It was chilly that day–a cool breeze–and even Pat, a Minnesota native, was cool in shorts. But notice there’s some very hardy person behind us swimming! Brr! That water was cold!
Anyway, it was good to see them and just talk for hours. I’ve been gone 6 months! It was hard to say goodbye to them. They are such encouraging, joyful people! Pat was on the PNC at my last church. He was the first person I met in Renville as he made the initial interview by phone. He picked Jim and me up in his truck when we arrived at the Minneapolis airport the first time I went to Minnesota. He even loaned me his 2003 mustang convertible when I came a second time to meet the congregation.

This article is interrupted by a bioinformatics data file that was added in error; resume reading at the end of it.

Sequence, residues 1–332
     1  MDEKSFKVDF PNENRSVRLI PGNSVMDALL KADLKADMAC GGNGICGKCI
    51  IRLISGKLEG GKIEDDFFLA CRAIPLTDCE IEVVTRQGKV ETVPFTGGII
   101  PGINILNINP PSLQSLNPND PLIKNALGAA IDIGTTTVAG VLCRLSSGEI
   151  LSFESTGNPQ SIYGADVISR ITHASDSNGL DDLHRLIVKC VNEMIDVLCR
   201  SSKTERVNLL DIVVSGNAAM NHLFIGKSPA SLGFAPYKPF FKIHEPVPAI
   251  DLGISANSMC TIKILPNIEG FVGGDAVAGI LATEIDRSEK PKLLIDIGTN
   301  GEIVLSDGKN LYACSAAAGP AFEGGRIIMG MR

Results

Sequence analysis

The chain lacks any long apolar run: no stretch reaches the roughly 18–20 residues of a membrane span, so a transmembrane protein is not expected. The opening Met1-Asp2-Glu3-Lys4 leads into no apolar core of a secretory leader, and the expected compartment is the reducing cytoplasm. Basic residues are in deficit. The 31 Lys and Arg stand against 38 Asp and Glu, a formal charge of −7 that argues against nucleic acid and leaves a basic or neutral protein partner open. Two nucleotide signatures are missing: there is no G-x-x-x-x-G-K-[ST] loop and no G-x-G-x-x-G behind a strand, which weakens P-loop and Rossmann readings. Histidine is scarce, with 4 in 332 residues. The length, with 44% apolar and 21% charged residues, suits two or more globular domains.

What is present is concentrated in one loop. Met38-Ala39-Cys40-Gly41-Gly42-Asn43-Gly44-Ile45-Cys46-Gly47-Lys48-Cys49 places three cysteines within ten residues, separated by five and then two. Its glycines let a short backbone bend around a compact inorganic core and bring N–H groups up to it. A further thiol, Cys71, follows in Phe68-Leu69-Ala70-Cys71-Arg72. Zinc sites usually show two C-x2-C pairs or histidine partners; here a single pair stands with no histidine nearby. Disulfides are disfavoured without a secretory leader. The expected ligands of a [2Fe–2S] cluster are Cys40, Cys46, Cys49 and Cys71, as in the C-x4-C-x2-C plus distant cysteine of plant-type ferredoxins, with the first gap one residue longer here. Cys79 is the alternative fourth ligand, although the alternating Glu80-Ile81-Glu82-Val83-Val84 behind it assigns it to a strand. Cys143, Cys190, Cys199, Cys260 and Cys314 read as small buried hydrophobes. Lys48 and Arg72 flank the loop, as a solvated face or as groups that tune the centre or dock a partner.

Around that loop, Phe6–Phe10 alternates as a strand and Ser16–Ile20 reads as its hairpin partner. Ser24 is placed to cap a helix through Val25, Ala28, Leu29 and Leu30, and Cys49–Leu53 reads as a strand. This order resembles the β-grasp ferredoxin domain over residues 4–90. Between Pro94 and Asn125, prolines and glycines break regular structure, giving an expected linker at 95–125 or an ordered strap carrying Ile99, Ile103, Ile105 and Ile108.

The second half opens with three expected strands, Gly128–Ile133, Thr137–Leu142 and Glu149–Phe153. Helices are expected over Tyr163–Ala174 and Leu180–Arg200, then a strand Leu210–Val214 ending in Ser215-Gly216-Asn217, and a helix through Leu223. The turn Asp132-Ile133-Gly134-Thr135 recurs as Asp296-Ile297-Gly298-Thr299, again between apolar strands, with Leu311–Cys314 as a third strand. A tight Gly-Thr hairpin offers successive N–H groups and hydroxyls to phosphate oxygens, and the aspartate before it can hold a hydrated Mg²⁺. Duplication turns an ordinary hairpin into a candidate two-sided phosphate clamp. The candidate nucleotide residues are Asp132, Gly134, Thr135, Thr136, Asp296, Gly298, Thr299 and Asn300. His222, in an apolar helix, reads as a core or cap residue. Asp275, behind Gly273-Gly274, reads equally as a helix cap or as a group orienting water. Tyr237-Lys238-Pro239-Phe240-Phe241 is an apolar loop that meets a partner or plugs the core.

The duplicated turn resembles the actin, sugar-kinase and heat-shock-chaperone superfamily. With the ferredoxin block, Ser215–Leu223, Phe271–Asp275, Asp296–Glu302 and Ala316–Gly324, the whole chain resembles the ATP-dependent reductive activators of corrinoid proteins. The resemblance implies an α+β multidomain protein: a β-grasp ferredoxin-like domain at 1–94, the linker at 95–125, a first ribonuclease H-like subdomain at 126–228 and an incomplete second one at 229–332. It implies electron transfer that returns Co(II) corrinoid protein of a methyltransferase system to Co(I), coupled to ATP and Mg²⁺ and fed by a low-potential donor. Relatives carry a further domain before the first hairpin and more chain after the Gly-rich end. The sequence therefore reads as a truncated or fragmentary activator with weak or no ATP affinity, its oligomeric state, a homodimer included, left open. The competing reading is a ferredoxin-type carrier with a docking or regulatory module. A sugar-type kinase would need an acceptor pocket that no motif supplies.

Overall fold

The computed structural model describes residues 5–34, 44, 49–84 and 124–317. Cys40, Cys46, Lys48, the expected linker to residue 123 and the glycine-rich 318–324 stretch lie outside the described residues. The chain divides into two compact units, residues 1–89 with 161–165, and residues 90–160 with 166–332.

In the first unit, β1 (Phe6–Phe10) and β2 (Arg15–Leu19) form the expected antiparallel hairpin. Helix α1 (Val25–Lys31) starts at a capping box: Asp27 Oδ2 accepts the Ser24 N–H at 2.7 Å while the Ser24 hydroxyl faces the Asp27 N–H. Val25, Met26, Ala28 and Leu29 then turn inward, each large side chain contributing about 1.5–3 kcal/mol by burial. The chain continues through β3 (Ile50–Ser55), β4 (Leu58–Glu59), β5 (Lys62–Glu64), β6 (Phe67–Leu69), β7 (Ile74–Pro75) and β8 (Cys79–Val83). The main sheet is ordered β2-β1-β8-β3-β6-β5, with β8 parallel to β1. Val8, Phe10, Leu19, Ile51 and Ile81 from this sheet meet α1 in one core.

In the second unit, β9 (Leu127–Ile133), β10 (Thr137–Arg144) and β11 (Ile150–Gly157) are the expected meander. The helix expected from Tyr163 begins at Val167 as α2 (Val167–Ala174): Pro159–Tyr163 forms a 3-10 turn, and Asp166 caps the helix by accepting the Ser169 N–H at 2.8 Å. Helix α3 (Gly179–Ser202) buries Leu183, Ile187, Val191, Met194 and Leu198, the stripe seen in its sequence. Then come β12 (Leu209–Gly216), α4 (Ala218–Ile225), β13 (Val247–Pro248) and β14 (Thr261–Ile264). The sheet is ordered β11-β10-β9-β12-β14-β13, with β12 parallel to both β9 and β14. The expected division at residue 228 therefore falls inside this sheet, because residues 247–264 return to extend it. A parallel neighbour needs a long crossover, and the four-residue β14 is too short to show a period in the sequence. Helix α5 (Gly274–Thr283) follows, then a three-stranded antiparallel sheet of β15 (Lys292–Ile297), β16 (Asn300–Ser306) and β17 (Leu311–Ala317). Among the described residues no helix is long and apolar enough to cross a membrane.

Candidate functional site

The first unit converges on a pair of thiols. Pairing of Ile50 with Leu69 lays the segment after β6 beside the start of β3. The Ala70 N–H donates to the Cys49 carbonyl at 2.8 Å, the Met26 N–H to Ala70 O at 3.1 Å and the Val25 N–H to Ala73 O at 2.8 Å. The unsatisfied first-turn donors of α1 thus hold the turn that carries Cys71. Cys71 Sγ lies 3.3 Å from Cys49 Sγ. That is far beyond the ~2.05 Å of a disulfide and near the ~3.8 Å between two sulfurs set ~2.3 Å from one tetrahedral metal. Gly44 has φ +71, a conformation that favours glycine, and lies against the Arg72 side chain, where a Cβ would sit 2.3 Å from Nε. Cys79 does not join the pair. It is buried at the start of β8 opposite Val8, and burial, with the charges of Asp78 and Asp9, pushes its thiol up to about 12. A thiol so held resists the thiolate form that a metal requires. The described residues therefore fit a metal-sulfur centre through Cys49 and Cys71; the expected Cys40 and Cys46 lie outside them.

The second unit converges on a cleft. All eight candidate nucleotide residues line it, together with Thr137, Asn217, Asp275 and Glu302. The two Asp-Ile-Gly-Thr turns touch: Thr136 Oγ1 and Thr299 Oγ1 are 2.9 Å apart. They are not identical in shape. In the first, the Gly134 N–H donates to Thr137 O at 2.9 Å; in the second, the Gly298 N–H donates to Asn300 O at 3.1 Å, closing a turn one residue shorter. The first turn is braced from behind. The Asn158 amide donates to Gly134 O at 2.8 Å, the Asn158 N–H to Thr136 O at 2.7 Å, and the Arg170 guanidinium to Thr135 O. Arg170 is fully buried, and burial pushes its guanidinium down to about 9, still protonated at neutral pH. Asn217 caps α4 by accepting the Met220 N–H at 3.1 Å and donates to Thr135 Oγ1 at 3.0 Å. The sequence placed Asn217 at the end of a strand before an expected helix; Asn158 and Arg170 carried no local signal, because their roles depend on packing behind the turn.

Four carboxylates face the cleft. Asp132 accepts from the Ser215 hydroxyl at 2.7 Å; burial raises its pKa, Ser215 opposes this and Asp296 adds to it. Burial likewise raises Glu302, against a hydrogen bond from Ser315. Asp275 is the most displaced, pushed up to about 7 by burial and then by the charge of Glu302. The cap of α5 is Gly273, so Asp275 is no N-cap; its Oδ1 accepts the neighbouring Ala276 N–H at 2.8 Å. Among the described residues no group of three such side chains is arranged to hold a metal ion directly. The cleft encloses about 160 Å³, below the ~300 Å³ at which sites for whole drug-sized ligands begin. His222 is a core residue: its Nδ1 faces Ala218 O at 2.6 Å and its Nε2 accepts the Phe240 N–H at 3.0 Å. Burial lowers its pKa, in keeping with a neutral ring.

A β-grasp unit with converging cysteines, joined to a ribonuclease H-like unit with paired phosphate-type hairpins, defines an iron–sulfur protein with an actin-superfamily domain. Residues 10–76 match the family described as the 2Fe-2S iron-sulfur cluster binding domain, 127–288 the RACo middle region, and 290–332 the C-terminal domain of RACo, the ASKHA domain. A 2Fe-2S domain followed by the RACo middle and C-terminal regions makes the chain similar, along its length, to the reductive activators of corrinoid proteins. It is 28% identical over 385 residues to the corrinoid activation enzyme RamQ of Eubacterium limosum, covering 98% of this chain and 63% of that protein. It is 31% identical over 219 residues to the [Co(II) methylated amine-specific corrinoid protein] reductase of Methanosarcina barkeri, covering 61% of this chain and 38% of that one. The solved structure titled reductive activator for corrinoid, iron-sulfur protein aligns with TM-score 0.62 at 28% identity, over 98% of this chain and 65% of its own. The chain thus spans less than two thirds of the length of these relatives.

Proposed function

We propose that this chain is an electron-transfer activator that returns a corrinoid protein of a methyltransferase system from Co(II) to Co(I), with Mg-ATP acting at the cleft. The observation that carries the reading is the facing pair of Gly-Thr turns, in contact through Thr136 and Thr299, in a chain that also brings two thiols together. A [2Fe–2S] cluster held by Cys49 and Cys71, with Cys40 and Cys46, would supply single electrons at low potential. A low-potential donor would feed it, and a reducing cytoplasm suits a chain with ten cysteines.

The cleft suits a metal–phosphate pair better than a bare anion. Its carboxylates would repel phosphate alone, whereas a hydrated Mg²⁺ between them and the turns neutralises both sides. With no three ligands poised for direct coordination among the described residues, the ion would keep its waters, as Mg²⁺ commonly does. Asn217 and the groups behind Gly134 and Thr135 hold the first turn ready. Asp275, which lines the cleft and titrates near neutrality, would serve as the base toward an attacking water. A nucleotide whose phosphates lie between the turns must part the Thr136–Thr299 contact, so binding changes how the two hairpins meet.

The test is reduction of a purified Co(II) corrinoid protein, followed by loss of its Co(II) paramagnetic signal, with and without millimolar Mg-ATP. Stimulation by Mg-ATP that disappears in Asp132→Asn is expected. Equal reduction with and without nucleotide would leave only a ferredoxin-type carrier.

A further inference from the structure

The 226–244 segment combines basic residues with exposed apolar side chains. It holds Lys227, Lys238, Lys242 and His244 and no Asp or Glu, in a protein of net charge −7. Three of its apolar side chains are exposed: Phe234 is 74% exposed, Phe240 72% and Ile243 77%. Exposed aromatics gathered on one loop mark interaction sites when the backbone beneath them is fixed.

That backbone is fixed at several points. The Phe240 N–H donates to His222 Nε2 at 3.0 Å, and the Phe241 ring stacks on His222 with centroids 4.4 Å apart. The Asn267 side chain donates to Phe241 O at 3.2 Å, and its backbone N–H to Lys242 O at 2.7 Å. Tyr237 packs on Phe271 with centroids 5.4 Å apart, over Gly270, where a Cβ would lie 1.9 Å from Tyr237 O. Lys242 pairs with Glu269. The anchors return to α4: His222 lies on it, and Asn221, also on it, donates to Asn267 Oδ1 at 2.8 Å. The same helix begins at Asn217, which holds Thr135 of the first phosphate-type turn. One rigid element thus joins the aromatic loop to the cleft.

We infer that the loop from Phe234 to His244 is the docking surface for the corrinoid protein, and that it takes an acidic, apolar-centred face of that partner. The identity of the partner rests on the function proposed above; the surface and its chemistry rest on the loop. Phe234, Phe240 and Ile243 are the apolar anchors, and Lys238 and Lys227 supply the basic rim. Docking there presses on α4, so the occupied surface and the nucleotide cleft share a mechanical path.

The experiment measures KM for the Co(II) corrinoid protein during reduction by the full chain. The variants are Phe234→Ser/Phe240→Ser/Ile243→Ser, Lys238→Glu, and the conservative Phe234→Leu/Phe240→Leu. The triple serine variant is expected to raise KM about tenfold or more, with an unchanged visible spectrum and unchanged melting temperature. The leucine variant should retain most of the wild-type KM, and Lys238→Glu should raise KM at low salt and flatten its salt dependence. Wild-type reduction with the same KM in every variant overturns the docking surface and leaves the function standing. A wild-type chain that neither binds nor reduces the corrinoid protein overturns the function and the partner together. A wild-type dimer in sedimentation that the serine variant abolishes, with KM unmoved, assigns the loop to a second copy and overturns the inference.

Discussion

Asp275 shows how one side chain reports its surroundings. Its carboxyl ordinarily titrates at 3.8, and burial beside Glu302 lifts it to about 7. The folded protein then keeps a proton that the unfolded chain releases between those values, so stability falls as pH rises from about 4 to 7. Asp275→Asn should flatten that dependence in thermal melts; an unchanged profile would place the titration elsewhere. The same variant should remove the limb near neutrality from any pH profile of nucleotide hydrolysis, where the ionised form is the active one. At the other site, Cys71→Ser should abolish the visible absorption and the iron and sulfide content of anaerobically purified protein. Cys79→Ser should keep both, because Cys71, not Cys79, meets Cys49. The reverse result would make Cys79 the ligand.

I rode around Renville in style. :o)
Sharon brought two precious gifts for me on this trip–letters from her granddaughters. Anna’s envelope says, “My forever favorite.” Jade is turning 15 this summer. She wrote on her envelope, “To the awesome Pastor Karen”!
Here’s Jade (to the left) and Anna (far right) a couple of years ago. In between is their little brother, Jr., and a friend or a cousin, standing second from the left. They caught all these fish! They learned how to fish from Pat, who has a boat, and lives with Sharon on Lake Andrew. Pat loves all kinds of fishing, especially ice fishing!